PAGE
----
The truth is hard to endure: A gunman slaughters 19 children and two teachers inside an elementary school classroom. Law enforcement officers stand in the hallway, but don’t go in to confront him.
The truth is hard to absorb: A 10-year-old girl is pregnant after being raped. Because she lives in Ohio, where abortions are heavily restricted, she travels to an Indiana doctor to have an abortion.
Our job is to report the truth.
Three of our local newsrooms, all part of the USA TODAY Network, took on the hard truth this week.
A Texas school shooting; a video difficult to watch
On Tuesday, the Austin American-Statesman obtained and published video of the law enforcement response to the Uvalde school shooting, both the full video and an edited four-minute version.
For seven weeks, since the beginning of this tragedy, stories have changed. Early in the investigation, the governor of Texas said officers had been “running toward the gunfire” to save lives. Since then, narratives have been proven false and media requests for the public records in the investigation have been delayed or denied.
Reporter Tony Plohetski obtained the video and the Statesman published the truth.
In it, you see the shooter enter the building. You hear the gunshots as he begins killing. Within three minutes, you see officers approach the classroom. Then, as gunfire begins again, you see them running – not toward the gunfire, but away from it. They stayed away for more than an hour.
It’s important to note what’s not in the video. Our editors removed the audio of the children who can be heard in the classroom. We blurred the face of one child who walks down the hallway. The video does not show any child or the inside of any classroom.
What good comes from publishing it?
Accountability. Transparency. And hopefully, change.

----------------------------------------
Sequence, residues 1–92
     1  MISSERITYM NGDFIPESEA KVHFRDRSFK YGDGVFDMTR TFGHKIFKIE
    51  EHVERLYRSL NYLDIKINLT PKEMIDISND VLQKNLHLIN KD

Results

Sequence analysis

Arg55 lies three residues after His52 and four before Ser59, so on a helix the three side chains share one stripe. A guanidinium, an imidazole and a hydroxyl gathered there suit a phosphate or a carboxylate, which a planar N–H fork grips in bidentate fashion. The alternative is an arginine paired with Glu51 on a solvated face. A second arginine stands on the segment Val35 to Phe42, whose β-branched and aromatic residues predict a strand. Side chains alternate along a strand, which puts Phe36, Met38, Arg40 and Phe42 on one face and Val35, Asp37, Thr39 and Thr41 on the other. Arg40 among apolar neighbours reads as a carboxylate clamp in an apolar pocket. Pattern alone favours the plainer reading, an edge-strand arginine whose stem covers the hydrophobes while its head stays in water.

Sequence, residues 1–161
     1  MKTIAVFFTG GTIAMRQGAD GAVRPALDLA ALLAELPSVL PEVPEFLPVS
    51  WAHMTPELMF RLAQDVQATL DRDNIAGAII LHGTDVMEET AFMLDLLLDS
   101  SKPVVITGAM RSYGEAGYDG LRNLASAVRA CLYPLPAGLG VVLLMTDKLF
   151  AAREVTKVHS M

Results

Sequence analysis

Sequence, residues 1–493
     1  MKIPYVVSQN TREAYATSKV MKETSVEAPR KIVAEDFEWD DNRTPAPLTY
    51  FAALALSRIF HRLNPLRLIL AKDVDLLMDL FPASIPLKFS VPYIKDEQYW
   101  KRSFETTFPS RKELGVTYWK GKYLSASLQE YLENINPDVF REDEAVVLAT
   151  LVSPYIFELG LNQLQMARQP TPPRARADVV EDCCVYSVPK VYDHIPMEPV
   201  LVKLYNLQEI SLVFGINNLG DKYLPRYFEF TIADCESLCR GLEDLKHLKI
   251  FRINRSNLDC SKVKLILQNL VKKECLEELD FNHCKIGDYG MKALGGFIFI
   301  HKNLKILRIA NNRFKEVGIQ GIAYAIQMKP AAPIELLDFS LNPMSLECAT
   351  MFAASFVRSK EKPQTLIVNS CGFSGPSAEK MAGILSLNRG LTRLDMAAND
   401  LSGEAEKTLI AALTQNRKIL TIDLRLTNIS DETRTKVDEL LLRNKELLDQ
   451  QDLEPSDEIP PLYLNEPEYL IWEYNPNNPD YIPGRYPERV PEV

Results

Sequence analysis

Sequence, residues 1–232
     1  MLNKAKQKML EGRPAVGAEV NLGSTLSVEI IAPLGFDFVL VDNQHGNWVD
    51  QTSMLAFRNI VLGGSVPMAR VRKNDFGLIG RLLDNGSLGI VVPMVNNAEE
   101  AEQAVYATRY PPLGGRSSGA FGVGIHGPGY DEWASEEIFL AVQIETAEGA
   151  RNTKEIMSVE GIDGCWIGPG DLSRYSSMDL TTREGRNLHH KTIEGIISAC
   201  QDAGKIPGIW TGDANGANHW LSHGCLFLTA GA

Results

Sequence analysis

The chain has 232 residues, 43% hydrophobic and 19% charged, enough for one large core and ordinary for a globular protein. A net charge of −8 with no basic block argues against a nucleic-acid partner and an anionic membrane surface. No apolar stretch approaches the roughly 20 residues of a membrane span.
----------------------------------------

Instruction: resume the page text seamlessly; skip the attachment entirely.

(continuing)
We have a saying in journalism: Show, don’t tell. Nothing shows the failure of law enforcement more clearly than the actual video of the response.
Officers were not outgunned: In the video, many arrive with assault rifles of their own, with body armor, then with helmets, even tactical shields.
Officers did not rush toward the classroom: One even casually grabs hand sanitizer from a dispenser on the wall while waiting.
The video, the truth, is difficult to watch. For 77 minutes, you don’t just see the failed response, you can feel it.
Do we care about the families of the Uvalde victims? Of course we do. We care so much that we want the public to see and understand – and feel – this extraordinary failure, in hopes it never happens again.
Austin American-Statesman editor Manny Garcia points out that the video is one piece of a struggle over something much bigger: the fight for records and recordings that will tell the whole truth about Uvalde.
“The truth always wins,” he wrote in a column this week, “maybe not on our clock, but the truth always prevails. And that is the reason that we publish. …”
An Ohio rape case; an Indiana abortion
In Ohio, some people simply couldn’t believe the truth.
On July 1, the Indianapolis Star reported that Dr. Caitlin Bernard said she cared for a 10-year-old girl seeking an abortion, sent to her from another doctor in Ohio. The girl was six weeks and three days pregnant, according to Bernard.
Ohio law outlaws abortion after “cardiac activity” is detected, usually around six weeks. There are exceptions if the mother’s life is at risk. There are no exceptions for rape or incest. You could reasonably argue pregnancy is a health risk to a 10-year-old; nevertheless, she was sent across state lines to Indiana.